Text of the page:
3 Ways Public Media are Collaborating on Election Coverage in California

    by Ben DeJarnette
    July 11, 2016
    In May, a group of California public radio stations collaborated to host a live Senate-race debate in San Diego. Image is a screenshot from the webcast.

    “In Collaboration” is a special series on collaborative journalism that MediaShift will publish throughout the summer.


    Click the image for more on this series.

    In California, there are more than 35 NPR affiliate stations serving audiences in 51 different counties — all with their own city council elections, ballot measures, and school board races.


    But on Election Day, the Golden State’s 38 million residents will also vote in several of the same federal and statewide contests. And Kristen Rae Lepore says that’s a recipe for collaboration.     

    “We’re always talking about limited resources, especially in public media,” Lepore said. “It just makes sense to collaborate.”

    Lepore is the project manager of California Counts, a collaboration between four of the state’s largest public radio stations — KPCC in Los Angeles, KQED in San Francisco, KPBS in San Diego, and Capital Public Radio in Sacramento — to report on the 2016 election. Supported by a grant from The James Irvine Foundation, the partnership began ahead of California’s primary election in June and will continue through November, when voters will elect Barbara Boxer’s successor in the Senate and decide on hot-button issues such as marijuana legalization. 


    “Our goal is to cover the election better,” Lepore said. “Public radio is a public service, so it makes sense for us to pool together our resources, especially on these statewide issues.”

    In a phone interview this week, Lepore explained three ways that collaboration is helping the partner stations enhance their election coverage in 2016.

    Hosting Live Events

    For individual stations, hosting a live event can feel impractical due to time and budget constraints. But collaboration has helped bring events within reach for California Counts.

    In May, the partner stations hosted a live debate in San Diego between three Republican and two Democratic candidates in California’s Senate race. They also kicked off a series of town hall events where partner stations will be able to engage in person with their local communities.

    Lepore says collaborating on social media outreach has helped the stations promote the events, crowdsource questions, and promote conversation using shared hashtags. “It’s cool to have four stations elevating these issues,” she explained. “It creates more play, more buzz, and more awareness.”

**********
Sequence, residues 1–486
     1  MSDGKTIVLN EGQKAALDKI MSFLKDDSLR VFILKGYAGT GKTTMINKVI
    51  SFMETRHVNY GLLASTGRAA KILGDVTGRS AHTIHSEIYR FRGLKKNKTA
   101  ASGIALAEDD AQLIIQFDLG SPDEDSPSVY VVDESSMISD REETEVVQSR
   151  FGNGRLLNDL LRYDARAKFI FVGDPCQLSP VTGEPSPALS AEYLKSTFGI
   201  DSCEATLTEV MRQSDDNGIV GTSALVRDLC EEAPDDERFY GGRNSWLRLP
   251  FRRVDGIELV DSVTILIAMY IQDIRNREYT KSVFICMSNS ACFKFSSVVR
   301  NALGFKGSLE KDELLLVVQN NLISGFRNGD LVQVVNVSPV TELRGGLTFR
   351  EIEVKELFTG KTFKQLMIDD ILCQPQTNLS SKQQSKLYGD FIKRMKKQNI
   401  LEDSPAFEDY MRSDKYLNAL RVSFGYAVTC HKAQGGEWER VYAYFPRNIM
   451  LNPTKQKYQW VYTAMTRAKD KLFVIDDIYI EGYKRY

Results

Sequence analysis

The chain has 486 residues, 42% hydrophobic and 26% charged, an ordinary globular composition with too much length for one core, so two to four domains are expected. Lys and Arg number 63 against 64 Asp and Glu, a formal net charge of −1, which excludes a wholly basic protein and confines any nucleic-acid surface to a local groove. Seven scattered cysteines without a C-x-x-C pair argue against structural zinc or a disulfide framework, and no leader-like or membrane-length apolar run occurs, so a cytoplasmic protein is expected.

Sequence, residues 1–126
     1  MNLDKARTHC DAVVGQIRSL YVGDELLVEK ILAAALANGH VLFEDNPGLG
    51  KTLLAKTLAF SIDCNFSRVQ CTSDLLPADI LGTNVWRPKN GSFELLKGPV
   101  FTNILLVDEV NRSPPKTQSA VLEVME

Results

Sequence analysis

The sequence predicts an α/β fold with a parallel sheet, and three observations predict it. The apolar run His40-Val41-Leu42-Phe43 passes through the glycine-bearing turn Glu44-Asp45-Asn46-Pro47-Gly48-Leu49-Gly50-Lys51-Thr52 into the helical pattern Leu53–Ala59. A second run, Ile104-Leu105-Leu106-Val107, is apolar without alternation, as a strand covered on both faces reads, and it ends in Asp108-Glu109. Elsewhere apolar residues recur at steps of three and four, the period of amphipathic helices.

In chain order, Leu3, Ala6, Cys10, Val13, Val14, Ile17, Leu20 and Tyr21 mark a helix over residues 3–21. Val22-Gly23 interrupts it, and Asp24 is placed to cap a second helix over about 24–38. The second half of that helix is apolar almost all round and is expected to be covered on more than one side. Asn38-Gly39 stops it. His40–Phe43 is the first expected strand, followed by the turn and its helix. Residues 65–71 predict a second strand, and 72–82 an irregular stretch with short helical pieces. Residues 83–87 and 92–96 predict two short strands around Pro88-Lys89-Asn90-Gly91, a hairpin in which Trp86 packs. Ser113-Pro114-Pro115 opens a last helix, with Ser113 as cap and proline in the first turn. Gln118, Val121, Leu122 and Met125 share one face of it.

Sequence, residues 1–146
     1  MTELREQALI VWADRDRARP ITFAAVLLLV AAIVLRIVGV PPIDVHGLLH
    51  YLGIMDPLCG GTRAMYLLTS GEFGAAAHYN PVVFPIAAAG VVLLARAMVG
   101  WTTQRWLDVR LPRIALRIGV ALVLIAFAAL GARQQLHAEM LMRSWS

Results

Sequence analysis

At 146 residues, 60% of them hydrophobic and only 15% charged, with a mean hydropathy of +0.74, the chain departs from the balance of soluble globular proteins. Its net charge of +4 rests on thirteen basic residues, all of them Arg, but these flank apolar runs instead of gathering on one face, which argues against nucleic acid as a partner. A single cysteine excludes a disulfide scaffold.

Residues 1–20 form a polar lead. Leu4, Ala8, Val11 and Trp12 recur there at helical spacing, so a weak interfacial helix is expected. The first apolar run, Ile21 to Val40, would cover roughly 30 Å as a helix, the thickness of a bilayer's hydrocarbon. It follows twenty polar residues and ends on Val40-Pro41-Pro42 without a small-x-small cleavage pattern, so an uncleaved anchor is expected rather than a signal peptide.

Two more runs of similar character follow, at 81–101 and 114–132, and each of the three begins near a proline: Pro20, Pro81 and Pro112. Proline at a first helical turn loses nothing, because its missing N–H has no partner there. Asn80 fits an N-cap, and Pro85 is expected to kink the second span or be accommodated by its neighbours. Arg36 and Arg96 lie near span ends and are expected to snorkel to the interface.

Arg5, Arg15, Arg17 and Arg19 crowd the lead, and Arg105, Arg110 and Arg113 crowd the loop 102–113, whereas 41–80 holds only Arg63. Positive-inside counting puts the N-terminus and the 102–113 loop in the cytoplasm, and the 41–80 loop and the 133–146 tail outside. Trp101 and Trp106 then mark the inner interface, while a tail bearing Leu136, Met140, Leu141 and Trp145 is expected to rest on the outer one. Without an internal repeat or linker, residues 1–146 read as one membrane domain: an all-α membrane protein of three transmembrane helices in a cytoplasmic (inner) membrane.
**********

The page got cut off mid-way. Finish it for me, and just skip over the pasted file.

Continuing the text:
Sharing Content

    Throughout the election cycle, partner stations will be sharing content using the Public Media Platform (PMP), a digital distribution system designed to connect NPR affiliates. Lepore says the spirit of the collaboration has become “to share as much as possible,” but reaching that consensus took some work.

    “We had a lot of conversations about what we felt comfortable sharing and how often,” she said. “That was something we were really cautious about at first.”

    Lepore says the collaboration’s content-sharing strategy also hinged on getting partner stations plugged into the PMP system. “That was definitely a huge challenge in the beginning,” she explained. “All of our developers have different priorities in their newsrooms, but it was so important that we get up and running on the PMP.”

    A screenshot from the Public Media Platform's video on YouTube.

    A screenshot from the Public Media Platform’s video on YouTube.

    Producing a Voter Guide

    Ahead of June’s primary election, the California Counts team launched a digital, nonpartisan voter guide featuring candidate Q&As and other election information. The partnership helped collaborators determine the most important issues across the state and avoid redundant efforts.

    “Knowing our local audiences gave us local perspective,” Lepore said. “We pooled resources to decide on the big questions we should ask in the guide.”

    The guide received more than 1 million unique visits this spring and will now be updated for the November election. Lepore says that to pull off ambitious projects like this one, it can be important to have a dedicated staff member coordinating logistics.

    “A big part of my role is managing deadlines and not letting anything fall through cracks,” she said. “If you don’t have someone dedicated to the project, it’s just too easy to let things slip, because every newsroom has its own priorities.”

    Ben DeJarnette is the associate editor at MediaShift. He is also a freelance contributor for Pacific Standard, InvestigateWest, Men’s Journal, Runner’s World, Oregon Quarterly and others. He’s on Twitter @BenDJduck.

    Tagged: capital public radio collaboration election2016 kpbs kpcc kqed live events public radio

    One response to “3 Ways Public Media are Collaborating on Election Coverage in California”

    1. MendoChuck says:

      WOW! . . . . I am so glad a came across this article.
      I had NO idea that the race for the Senate had a debate on line.
      Thanks so much to KPCC and CalCounts for keeping it in their archived videos section . . . .
      Thank You . . . Thank You . . . Thank You . . . Thank You . . .

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